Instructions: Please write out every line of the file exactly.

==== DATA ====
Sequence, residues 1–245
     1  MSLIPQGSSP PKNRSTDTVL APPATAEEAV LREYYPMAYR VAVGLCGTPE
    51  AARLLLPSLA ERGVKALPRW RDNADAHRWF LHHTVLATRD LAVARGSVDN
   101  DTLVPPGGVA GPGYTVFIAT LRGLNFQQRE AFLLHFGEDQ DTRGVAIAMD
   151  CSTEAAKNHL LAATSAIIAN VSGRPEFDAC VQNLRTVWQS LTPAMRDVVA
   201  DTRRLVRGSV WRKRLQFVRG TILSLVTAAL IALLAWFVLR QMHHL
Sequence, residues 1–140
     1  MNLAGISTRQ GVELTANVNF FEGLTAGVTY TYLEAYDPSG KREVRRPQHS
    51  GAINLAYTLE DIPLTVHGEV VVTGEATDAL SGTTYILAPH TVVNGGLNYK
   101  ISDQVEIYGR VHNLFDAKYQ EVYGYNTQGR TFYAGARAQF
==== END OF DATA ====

Sequence, residues 1–245
     1  MSLIPQGSSP PKNRSTDTVL APPATAEEAV LREYYPMAYR VAVGLCGTPE
    51  AARLLLPSLA ERGVKALPRW RDNADAHRWF LHHTVLATRD LAVARGSVDN
   101  DTLVPPGGVA GPGYTVFIAT LRGLNFQQRE AFLLHFGEDQ DTRGVAIAMD
   151  CSTEAAKNHL LAATSAIIAN VSGRPEFDAC VQNLRTVWQS LTPAMRDVVA
   201  DTRRLVRGSV WRKRLQFVRG TILSLVTAAL IALLAWFVLR QMHHL
Sequence, residues 1–140
     1  MNLAGISTRQ GVELTANVNF FEGLTAGVTY TYLEAYDPSG KREVRRPQHS
    51  GAINLAYTLE DIPLTVHGEV VVTGEATDAL SGTTYILAPH TVVNGGLNYK
   101  ISDQVEIYGR VHNLFDAKYQ EVYGYNTQGR TFYAGARAQF